For the main market, a different roofing system was developed. After several studies of references especially Pasar Johar in Semarang by Herman Thomas Karsten and the umbrella concrete structures of High Life textile factory by Felix Candela, SHAU developed their own umbrella design taking previously analyzed design features into consideration. Both examples employ daylight as one of their design features. Pasar Johar with its clearance above the market stalls implies the possibility for ample cross ventilation and the visibility of the columns from the ground level impose a certain order and structured space above the messier and less controllable market activities underneath. The self-supporting umbrella idea was picked up in order to be able to build the main market in phases. That means parts of the current market activities will be housed temporarily under the newly built parking roof, while the first part of the market is going to be built without vendors losing their income during construction. As a main structural and construction element steel was chosen due to afore mentioned reasons. The umbrellas are cladded with a system of cement board lamellas which serve several purposes. The lamellas are arranged in such a way to form an arching geometry, while simultaneously give the roof a layered more tectonic appearance. At the same time, the lamellas shade the space underneath but let daylight pass in a reduced amount and sunlight being reflected by the lamellas in a diffused way for more equal light distribution. The target was to reach about 200-300 lux of illuminance underneath on floor level at worst daylight conditions like overcast sky. This was decided based on EN 12464-1 illuminance levels norm stating to have 300 lux for retail space. Several shading and Radiance daylight simulations were made to determine the vertical distance between the lamellas and the depth of each lamella. The decision of a 40cm vertical lamella distance was made based on illumination values, architectural appearance and construction costs. The individual market stalls underneath need to be locked individually and need to be secured against theft. To let natural light pass into the stores but also hot air escape. It was decided to cover the stalls with metal crating. The whole arrangement of umbrellas is arrayed in such a way that the market stalls are set back to the inside. That serves several purposes, firstly forming and external colonnade space for people to move around while being rain protected but also bring the order of the whole roof structure to the foreground and define a permeable boundary of the market. The top of the lamellas will be cladded with glass and rainwater is intended to be collected through the central umbrella column and stored centrally to be used later for cleaning the market after opening hours. In total, there are three different types of umbrellas with different heights designed, which are placed in such a way that the highest ones are placed in the center of the market to enable the raising hot air escape to the outside via the roof.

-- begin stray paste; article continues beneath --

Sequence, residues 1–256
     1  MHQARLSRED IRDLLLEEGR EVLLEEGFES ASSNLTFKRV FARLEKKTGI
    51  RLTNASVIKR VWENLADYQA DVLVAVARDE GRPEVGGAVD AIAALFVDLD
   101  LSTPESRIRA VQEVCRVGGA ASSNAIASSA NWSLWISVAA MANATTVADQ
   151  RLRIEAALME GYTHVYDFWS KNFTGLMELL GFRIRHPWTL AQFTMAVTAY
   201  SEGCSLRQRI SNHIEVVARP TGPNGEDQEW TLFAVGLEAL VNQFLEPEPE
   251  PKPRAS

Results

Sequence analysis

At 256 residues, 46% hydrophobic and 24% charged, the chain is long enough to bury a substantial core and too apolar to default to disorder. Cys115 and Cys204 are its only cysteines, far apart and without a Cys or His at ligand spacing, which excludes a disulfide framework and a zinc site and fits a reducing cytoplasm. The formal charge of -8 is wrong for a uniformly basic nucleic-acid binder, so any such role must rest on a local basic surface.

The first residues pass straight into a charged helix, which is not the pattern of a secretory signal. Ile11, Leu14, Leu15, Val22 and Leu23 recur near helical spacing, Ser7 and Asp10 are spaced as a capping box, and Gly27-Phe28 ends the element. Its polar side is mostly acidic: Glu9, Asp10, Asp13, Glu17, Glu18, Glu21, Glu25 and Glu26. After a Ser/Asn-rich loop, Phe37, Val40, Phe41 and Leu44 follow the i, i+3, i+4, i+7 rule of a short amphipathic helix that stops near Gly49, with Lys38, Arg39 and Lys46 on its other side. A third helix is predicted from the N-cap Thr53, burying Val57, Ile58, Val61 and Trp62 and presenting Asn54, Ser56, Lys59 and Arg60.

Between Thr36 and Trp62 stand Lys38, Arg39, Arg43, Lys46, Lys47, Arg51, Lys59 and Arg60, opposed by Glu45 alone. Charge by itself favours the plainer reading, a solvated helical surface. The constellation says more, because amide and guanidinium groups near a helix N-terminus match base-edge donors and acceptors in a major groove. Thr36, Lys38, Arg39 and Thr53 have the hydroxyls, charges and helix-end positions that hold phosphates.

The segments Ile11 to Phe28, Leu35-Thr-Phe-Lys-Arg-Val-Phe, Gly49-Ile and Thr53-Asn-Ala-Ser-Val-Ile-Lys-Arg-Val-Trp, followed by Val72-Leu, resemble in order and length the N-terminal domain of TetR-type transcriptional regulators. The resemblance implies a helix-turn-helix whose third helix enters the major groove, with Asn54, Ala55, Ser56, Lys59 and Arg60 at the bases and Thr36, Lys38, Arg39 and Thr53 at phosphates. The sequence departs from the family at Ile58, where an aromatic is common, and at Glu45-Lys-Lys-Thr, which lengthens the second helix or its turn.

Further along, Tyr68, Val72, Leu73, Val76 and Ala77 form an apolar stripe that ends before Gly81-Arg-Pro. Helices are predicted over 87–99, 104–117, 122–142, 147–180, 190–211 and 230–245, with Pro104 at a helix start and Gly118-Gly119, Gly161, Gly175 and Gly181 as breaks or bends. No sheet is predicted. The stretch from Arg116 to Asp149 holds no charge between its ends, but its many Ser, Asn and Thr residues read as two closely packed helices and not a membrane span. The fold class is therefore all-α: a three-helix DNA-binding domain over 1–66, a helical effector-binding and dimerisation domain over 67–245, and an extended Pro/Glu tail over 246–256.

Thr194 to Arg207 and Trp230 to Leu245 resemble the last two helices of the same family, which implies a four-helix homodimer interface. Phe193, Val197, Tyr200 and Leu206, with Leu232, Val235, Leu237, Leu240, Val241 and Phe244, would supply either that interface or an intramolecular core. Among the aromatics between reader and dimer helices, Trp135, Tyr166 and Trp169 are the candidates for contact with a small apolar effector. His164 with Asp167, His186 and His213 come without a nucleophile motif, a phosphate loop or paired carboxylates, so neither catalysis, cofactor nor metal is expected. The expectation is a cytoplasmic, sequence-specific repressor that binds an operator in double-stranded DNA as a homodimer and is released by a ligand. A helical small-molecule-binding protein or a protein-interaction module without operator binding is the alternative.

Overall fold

The Mushola (prayer room) is located next to the parking area. Here a clean and simple volume with folded inwards entrances was designed. The prayer room which is facing Mekka is oriented towards an open horizontal slit stretching across the whole façade. The low wall and water feature in front of the slit, block the noise and sight from the parking lot and the moving water with is sound of sprinkling generates a peaceful ambience. At the same time air can enter there and is cooled by the water feature through evaporative cooling. Hot air similar to the market can escape via the roof. The choice of using the same umbrella system like in the market is twofold. Firstly, a unique daylighting situation from above is generated and secondly the Mushola serves as a construction prototype for the whole market. That means the Mushola gets built before the actual market and the umbrella system can be tested and evaluated on a 1:1 prototype and eventually design flaws or construction problems can be detected and improved early on.
Team Architectural Design: SHAU Indonesia, Bandung Florian Heinzelmann, Daliana Suryawinata and Tobias Hofmann with Rizki Supratman, Aditya Kusuma, Yasser Hafizs, Ryan Azhar, Roland Tejoprayitno, Muhammad Ichsan
Surveyor from ITS (Institut) Teknologi Sepuluh Nopember University Fajar Harwiansyah Dzikri , Abdi Juryan Ladianto, Firdhiansyah Fathoni,Yusuf Prasetyo
Contractor phase 1 PT. Cipta Karya Multiteknik ,Surabaya